In his latest rote, in the Southern gothic supernatural thriller The Gift, Reeves is forced to use that physical strength in an altogether unfamiliar way. Our lovable dude a wife-beating redneck? It's almost unthinkable. Yet Reeves has garnered some of the best reviews of his career for The Gift, which has otherwise received a mixed response. Whether or not this has do to with the novelty value of seeing Reeves play villain is uncertain, but it bodes well for his chances to be remembered as an actor whose talent extends beyond the reach of those chiselled arms. In other words, that guilty pleasure theory might have to be re-worked after all.
blue: I've heard you nail the Southern accent in The Gift.
Reeves: Oh, really? That's nice to hear. You know, I went to Savannah about three weeks before I had to film so, you know, I had the chance to go out into that world. I got myself a pickup truck and started going out to redneck bars.
Did you blend in?
Eventually, yeah. It took me a while because I had to get the right sounds and the right look. But by the end of it I could walk the streets.
What was it like to play a character that was so surly and loathsome?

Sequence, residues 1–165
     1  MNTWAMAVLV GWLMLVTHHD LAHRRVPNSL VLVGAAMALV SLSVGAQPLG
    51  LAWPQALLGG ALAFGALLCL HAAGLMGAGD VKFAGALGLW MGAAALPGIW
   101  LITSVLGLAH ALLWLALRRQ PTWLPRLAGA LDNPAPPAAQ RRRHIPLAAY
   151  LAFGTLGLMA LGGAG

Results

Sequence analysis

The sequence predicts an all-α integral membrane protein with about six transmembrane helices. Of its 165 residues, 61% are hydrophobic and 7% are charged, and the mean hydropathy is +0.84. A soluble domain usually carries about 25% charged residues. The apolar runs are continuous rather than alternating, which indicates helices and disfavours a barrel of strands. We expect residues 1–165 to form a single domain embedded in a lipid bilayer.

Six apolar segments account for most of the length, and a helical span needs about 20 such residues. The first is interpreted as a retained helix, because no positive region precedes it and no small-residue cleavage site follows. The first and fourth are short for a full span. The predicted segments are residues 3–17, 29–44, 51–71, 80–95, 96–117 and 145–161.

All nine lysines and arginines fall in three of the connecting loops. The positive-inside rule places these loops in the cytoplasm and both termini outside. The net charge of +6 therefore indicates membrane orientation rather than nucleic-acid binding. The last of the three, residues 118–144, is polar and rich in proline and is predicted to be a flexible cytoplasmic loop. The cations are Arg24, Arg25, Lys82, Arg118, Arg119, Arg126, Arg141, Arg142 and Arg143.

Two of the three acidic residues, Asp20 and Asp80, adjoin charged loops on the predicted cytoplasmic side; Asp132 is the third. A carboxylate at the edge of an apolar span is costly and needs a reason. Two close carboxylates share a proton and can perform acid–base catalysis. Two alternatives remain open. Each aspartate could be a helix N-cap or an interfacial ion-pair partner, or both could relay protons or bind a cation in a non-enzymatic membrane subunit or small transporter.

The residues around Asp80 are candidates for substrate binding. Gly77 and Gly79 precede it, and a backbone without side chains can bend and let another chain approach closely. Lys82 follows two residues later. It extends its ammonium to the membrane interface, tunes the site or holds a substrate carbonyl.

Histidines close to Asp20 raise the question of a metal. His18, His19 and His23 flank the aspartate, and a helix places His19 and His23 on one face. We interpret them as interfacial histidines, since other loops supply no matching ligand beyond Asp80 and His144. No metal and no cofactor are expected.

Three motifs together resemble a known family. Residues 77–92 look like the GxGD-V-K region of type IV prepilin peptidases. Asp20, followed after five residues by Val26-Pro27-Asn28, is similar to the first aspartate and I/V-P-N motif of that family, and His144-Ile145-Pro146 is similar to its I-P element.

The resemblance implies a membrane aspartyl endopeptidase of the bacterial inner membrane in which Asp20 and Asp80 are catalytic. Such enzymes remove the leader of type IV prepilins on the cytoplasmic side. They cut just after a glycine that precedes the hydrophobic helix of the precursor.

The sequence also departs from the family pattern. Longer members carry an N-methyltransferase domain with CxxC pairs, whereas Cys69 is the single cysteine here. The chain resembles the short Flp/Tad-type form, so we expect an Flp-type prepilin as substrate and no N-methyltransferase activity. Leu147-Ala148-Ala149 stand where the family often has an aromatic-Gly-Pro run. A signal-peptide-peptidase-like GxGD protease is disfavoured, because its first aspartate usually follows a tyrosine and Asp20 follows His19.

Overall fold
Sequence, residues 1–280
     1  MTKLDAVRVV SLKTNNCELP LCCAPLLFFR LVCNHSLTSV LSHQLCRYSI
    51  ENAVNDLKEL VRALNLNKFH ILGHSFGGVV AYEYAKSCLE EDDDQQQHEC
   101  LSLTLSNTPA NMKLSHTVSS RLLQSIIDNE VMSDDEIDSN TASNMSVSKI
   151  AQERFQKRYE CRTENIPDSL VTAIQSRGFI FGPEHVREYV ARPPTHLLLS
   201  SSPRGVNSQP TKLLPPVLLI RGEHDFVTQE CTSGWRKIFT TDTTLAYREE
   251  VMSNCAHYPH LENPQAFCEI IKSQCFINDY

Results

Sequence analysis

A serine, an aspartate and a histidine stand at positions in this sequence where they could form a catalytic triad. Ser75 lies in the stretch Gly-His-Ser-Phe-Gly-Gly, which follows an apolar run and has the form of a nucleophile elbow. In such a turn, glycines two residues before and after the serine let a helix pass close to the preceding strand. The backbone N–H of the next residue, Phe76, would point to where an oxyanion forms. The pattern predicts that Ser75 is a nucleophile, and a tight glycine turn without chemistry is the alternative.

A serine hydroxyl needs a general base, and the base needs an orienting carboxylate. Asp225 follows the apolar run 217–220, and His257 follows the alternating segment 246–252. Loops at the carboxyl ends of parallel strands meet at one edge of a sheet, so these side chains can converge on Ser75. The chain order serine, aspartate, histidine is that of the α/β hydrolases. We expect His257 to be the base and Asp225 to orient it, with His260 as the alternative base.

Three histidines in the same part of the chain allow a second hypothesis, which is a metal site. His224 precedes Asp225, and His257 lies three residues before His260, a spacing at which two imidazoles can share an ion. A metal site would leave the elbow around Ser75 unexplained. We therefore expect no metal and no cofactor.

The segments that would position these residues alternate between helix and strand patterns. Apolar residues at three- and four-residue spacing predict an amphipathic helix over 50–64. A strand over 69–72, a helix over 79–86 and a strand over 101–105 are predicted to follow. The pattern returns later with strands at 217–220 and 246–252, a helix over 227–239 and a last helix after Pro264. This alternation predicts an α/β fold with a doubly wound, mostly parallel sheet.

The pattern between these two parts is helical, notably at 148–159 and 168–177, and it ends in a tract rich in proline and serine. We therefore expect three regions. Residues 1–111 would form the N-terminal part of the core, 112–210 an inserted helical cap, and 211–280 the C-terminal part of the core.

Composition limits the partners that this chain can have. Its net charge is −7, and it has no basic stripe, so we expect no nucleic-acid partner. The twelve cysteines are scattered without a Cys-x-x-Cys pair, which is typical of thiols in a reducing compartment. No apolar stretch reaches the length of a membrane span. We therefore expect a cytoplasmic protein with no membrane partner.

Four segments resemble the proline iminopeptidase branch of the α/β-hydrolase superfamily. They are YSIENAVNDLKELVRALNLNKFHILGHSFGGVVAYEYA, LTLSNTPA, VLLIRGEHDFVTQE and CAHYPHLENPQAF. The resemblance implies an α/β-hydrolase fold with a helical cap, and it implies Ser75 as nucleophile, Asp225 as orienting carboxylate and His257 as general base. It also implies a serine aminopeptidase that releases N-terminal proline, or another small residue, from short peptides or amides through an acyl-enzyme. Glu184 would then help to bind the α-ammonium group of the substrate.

What, he's not so bad.
Well, this woman is meddling in my marriage and her kids... okay, you're right [laughs]. You know, one of my ambitions as an actor is to try and play different kinds of parts and act in different genres of film. I loved the writing, and I really liked Donnie Barksdale. I liked his intensity.
Is that why you could play him so well?
Well, there is a little bit of Donnie Barksdale in all us men.
Do you really think every man has the capability of...
Violence? Yeah. I mean, I found it quite primal. I found some psychologists in Savannah and they were saying that males generally can't express their feelings, have a sense of low self-worth, and really are just shut down and have issues of power because they don't feel that they have any. So, they go straight to anger... that whole physical power thing becomes addictive, it becomes what they call the cycle of abuse and you know, you fight, you make up, it's the best sex. There is a very strong bond that is created.
Did you discover any violent demons in yourself, any dark corners?
Yeah, I mean, there is... I don't know. Sam Raimi set up an improvisation between Hilary Swank and myself. We were in this one little room in a trailer and he said, "Okay, let's have a conversation between Donnie Barksdale," and my wife's name. What's my wife's name?
Yeah, Valerie, Valerie... [laughs] So, we went into it. I kept going to Hilary, "Are you seeing this witch? You're a liar. You're lying, lying," and Sam said, "Okay, every time you say she's lying, hit her." So, it was Donnie... and pow, I would slap her. There is a certain kind of intoxication that can happen, and eventually I had her against the wall, backwards, taking her pants off. What we found then through that improvisation is how it can happen.
Can you imagine yourself as violent in real life?